G. Vorodkov, he towers. The place of construction was chosen on the hill, known as “Rabbit” or “Zayachii” in Russian, it was the best place to build the fortress, because from the west and the north the hill was surrounded by the Volga River, south and east – by lakes and marshes. During the reign of Ivan IV The Terrible and Boris Godunov the wooden fortress was rebuilt into a stone one. For the development of Kremlin walls and towers state-owned official masters were headed from Moscow to Astrakhan; the chiefs of creation and planning of stone fortress were Mikhail Ivanovich Veliyaminov, Grigorii Ovcin and lecturer Dei Gubastii. For best results executives used the old, but strong Tatar plinths which were brought from the ruins of the cities of the Golden Horde towns. Stone citadel was built by the type of Moscow Kremlin; the walls of the Astrakhan Kremlin were equipped with prongs the slots of which allowed to fire from handguns against enemies. At the same place at the top tier were formed "Varnitsa"—holes through which boiled water or hot tar was poured on attackers.

During those times the system of organization of “fire fighting” of the fortress was invoked as one of the most modern systems in whole Russia. Construction of Assumption Cathedral, which began in 1699 on the first of October, was the most significant event, held on the territory of the Astrakhan Kremlin. Thirty professional stonemasons were invited led by bondman architect Dorotheos Myakisheva. Building of the Cathedral lasted 12 years. During this time, the architects created the temple with proper cubic form with five heads; the external of the Cathedral was carved with white stone. Windows and dome heads were framed by columns in the style of Corinthian décor and semicircular arches were filled with paintings with biblical plot. Three of such arches were arranged on each side of the temple; the cathedral was divided into two floors: the upper church is dedicated to the honor of the Assumption of the Blessed Virgin. Tall and light temple was intended for ceremonial worships during warm months.

The lower church, dark lightened and surrounded by the gallery columns. In 1710 the bell tower cathedral was constructed under the control of architect Dorothea Myakisheva. In addition to bells, the watch was installed, which created freshness and uniqueness in the city; the next two centuries were calm for the Kremlin. Its buildings were repaired and renewed. At the beginning of the 20th century, after the October Revolution, access to the Territory of Kremlin was closed. Instead it was transformed as a military post, where groups of Red Guards were formed the Military Revolutionary Committee was placed. In January 1918 Astrakhan Kremlin was once again in the middle of fateful events, when supporters of Soviet power fought with Astrakhan Cossacks, they attacked The Red Army, entrenched in the Kremlin, from the roofs of nearby buildings. Serious destruction was caused to the Kremlin after this battle. Miraculously the temples of Kremlin have survived. In 1919 the Army was reorganized under the leadership of Kirov to protect the outfall of Volga and to defeat the White Guard troops and foreign interventionists.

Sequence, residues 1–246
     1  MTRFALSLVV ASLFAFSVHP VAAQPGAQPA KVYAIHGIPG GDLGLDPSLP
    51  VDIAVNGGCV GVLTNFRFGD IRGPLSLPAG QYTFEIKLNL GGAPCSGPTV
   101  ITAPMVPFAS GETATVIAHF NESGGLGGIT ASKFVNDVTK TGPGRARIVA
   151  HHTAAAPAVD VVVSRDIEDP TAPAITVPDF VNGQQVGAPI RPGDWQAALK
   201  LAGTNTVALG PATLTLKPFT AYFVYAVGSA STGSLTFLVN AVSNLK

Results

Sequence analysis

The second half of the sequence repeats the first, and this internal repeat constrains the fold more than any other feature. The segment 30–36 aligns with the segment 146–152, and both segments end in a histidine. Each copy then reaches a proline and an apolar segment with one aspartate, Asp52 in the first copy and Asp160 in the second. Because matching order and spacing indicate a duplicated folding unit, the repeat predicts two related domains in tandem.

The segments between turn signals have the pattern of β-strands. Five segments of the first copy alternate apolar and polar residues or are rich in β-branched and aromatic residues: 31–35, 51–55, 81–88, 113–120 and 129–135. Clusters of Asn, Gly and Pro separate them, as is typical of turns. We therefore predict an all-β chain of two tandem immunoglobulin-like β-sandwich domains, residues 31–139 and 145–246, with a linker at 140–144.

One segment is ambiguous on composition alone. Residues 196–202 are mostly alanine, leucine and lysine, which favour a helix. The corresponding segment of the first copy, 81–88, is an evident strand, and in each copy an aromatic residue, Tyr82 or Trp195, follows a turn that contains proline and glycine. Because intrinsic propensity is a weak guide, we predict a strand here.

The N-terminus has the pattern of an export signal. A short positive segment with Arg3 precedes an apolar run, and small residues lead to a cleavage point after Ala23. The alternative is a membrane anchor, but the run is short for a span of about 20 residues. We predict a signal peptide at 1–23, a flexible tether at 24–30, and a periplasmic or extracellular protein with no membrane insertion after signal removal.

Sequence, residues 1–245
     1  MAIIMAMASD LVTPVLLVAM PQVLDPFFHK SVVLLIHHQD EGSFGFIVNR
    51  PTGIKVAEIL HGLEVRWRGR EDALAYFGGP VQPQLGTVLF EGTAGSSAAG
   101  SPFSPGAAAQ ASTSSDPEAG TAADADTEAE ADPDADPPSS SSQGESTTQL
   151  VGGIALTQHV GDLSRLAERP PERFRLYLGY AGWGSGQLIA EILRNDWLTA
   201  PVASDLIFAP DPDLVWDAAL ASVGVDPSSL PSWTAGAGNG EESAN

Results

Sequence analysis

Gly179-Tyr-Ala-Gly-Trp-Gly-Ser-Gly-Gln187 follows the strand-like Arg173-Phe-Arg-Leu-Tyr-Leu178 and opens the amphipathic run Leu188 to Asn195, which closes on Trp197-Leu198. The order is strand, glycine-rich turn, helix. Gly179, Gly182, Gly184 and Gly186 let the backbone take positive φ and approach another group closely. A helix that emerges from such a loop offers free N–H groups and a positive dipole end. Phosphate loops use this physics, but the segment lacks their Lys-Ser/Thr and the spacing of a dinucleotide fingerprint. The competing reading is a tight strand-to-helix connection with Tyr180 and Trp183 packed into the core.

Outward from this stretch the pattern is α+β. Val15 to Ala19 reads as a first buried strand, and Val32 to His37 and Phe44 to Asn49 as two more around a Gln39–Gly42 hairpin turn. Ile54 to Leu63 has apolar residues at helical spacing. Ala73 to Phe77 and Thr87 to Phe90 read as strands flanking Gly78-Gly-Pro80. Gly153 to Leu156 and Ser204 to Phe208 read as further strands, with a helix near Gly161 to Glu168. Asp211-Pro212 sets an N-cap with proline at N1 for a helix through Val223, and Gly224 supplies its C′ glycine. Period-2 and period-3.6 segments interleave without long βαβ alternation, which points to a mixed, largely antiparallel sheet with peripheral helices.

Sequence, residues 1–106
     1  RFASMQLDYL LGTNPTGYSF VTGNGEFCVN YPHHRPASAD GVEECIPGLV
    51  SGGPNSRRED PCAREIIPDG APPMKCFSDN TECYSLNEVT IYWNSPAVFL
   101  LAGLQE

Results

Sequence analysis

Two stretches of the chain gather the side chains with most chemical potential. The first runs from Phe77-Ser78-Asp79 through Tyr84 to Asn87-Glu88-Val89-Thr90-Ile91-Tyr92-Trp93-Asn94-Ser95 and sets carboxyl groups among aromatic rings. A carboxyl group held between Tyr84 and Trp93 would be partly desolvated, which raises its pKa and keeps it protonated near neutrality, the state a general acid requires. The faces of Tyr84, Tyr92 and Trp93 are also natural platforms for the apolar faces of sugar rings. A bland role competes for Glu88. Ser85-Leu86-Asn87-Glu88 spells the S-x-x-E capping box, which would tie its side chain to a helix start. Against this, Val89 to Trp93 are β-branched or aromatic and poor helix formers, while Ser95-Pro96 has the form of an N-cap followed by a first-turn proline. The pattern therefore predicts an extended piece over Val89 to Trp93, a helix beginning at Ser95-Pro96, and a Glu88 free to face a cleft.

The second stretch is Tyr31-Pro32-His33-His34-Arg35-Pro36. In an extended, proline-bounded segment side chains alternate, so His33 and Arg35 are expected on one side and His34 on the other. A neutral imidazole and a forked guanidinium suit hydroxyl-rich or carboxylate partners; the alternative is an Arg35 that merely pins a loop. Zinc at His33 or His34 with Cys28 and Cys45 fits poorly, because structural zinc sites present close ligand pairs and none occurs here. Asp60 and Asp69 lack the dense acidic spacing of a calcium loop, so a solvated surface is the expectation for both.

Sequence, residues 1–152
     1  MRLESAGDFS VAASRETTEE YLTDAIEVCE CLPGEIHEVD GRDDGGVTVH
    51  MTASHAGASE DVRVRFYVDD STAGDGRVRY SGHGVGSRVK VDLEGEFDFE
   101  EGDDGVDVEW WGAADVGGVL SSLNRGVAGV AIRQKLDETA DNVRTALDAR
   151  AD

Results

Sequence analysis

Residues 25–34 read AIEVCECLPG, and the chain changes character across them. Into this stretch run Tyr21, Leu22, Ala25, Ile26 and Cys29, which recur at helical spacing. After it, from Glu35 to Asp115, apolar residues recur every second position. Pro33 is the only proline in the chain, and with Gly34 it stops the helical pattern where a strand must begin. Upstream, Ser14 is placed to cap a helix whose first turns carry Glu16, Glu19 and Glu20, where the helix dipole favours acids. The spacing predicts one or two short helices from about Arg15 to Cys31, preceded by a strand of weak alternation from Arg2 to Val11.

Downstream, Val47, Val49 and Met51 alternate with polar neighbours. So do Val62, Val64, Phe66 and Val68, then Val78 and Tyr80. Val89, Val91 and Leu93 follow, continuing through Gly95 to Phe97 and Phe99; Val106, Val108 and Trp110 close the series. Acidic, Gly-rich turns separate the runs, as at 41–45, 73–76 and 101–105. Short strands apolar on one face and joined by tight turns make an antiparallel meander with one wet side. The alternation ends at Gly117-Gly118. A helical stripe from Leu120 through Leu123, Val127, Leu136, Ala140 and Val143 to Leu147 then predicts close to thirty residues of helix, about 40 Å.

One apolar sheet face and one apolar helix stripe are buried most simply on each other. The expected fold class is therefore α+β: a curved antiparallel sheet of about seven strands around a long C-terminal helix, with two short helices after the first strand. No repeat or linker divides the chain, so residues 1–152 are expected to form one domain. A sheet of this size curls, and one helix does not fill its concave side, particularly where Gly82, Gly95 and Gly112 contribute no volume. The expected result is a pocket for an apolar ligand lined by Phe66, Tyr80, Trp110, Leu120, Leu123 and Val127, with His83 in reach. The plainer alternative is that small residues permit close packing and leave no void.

Thus, in the early 20th century the Kremlin remained a military target. It was popularly named as “The Town of Trotsky”. Only after the end of World War II did the town open access to the Kremlin. At the same time, the Kremlin ceased to be subject of military purposes. In the middle of the 20th century, significant restoration works were held, due to which many buildings, requiring urgent repairs were saved. In 1974 the Astrakhan Kremlin became a museum and in 1980 became part of the Astrakhan State United Historical-Architectural Museum-Reserve. Nowadays citizens and tourists of Astrakhan have access to museum exhibits of the lifestyle of the Astrakhan Garrison. Moreover, they can see Casual Suits archers and scorers, elements of their weapons and ammunition, the exhibition dedicated to the history of popular uprisings and corporal punishment. In 2011, after the restoration of the Kremlin, the Guardhouse exposition was opened, which tells visitors about the life of Astrakhan military garrison of the 19th century.

Walls of Kremlin, 1582—1589 The cathedral bell tower with Prechistinsky Gate Archbishop Tower Zhitnyaya Tower, 1582—1589 Crimean Tower'Red Gate' Tower Water Gate St. Nicholas Church Gate, 1729—1738 Artillery Tower and Yard (now it is museum with the s